Wholesome Child : Wholesome Child full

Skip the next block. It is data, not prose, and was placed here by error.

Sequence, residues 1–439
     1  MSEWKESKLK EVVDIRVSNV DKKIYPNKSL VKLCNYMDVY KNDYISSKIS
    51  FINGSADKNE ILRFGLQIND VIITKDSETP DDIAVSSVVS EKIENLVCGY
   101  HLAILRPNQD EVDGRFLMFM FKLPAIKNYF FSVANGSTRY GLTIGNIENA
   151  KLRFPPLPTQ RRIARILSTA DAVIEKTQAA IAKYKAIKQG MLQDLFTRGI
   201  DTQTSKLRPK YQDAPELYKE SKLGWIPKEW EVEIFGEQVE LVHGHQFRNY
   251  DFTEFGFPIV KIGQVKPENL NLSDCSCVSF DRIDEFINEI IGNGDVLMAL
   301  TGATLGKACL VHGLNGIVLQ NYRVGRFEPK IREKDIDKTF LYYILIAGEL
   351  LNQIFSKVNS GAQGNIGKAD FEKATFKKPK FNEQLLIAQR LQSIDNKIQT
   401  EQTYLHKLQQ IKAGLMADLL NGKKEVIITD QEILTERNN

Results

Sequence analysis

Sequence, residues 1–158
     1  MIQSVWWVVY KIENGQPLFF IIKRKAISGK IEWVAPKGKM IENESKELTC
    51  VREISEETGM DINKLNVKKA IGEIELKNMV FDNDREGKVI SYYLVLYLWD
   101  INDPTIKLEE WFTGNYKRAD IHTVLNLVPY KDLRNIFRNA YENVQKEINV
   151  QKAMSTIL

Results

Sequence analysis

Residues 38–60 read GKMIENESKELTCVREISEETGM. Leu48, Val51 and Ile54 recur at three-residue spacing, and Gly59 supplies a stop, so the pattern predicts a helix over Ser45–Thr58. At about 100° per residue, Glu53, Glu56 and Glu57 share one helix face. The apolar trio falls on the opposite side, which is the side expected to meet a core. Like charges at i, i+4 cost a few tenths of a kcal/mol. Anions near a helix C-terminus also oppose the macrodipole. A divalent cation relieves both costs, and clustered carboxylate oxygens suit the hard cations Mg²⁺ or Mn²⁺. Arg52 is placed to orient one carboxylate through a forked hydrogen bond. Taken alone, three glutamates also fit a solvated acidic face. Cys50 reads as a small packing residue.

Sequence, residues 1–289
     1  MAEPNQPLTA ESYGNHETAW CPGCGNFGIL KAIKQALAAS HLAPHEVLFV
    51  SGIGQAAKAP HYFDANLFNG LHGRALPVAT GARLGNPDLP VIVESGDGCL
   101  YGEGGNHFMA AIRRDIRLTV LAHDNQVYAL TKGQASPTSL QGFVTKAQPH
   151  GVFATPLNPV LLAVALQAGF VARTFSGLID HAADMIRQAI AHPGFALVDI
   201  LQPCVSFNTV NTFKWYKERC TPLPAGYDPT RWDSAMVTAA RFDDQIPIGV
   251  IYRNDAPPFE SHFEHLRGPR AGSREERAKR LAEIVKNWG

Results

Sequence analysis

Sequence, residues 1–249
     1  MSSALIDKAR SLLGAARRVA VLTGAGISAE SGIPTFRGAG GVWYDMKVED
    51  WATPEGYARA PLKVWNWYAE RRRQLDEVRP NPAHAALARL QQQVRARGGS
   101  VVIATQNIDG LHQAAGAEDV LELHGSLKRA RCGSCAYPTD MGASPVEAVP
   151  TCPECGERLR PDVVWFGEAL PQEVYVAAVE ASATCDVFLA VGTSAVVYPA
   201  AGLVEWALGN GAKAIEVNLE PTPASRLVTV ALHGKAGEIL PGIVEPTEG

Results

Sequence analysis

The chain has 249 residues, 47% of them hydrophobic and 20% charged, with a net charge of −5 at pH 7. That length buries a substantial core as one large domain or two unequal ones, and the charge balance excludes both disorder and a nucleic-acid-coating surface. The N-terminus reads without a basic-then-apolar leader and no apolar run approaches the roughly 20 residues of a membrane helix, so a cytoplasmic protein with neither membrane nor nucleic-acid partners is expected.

step 6: balance fruit How much fruit should my child be eating? The recommended guidelines for children are two serves of fruit per day. However, for children who are active and play sport, I recommend an extra serve of fruit as long as that fruit does not replace other foods in the diet. One serve of fruit is around 1/2 cup of fruit or 150g of fruit per serving. Organic vs non-organic Studies have shown that when children are switched to an organic diet there is a reduced amount of pesticide in their urine. When fruit is labeled organic it typically means that it has been grown in soil that has been free of most synthetic fertilisers or pesticides for at least three years. Children tend to consume more fruit than adults per body weight, so if you can afford to buy organic it makes sense to do so, especially when it comes to fruit that tends to have the highest concentrations of pesticide residue (typically those not peeled before eating). When out shopping, take a copy of the Environmental Working Group’s 2016 ‘Dirty Dozen’ list of fruit and veg that contain the most pesticides and the ‘Clean Fifteen’ list of those with the lowest pesticide load (hint: they all have a thick skin). And remember if you are peeling non-organic fruits, you are losing important nutrients, like fibre, contained in the skin. BUY ORGANIC: 1. Strawberries 2. Apples 3. Peaches 4. Grapes 5. Cherries 6. Tomatoes 7. Cherry tomatoes BUY CONVENTIONAL: 1. Avocados 2. Pineapples 3. Mangos 4. Papayas 5. Kiwi 6. Honeydew melon 7. Grapefruit 8. Cantaloupe The pros and cons of dried fruit In its purest form (i.e. without any added sugar), dried fruit is just fresh fruit with the water removed. Drying, in fact, causes some nutrients to become more concentrated. One study found that antioxidants in dried cranberries, grapes and plums are twice as potent as those in the fresh fruits. Of course along with more potent antioxidants comes more concentrated sugar. Also, take note of the ingredient list: only the fruit should be listed. Watch for added sweeteners (sugar, corn syrup), particularly in tart fruits, like cherries and cranberries. Look for packages that say ‘no sulphites’, a preservative that maintains colour. While it might not look as appealing, brown and shriveled sun-dried fruit is healthier. PROS • Concentrated form of fibre, vitamins, minerals and antioxidants. • Can help ward off constipation. I’ve often seen young babies and children on laxatives and by introducing Apricot & Pear Compote, mild cases are easily resolved (see recipe on page 222). • Raisins, apricots, peaches, sun-dried tomatoes and figs provide iron for fussy eaters who refuse to eat meat or for vegetarians. • Figs, dates, apricots and prunes are a good source of calcium. CONS • Contributes to dental cavities more than chocolate by sticking to teeth. • It’s not as filling as whole fruit as the water has been lost. • Vitamin C and folate content can be diminished. • High in concentrated sugars or fructose. Be smart with dried fruit Kids can easily scoff raisins by the handful, whereas it’s more difficult to eat too many grapes without feeling full. One small packet of raisins (42.5g) contains 30g of sugar or six teaspoons! Avoid buying packaged portions and offer dried fruit in small amounts: 1.5 tbs of sultanas (about the size of a child’s handful), four apricot halves or 30g of dried mango. 205 you know? Did A banana is made up of around 25% sugar making it an average choice for breakfast as it will give your child an initial energy boost followed by a mid-morning crash. Serving a banana with porridge or plain yoghurt will slow down the release of sugar into the blood, making it a great choice.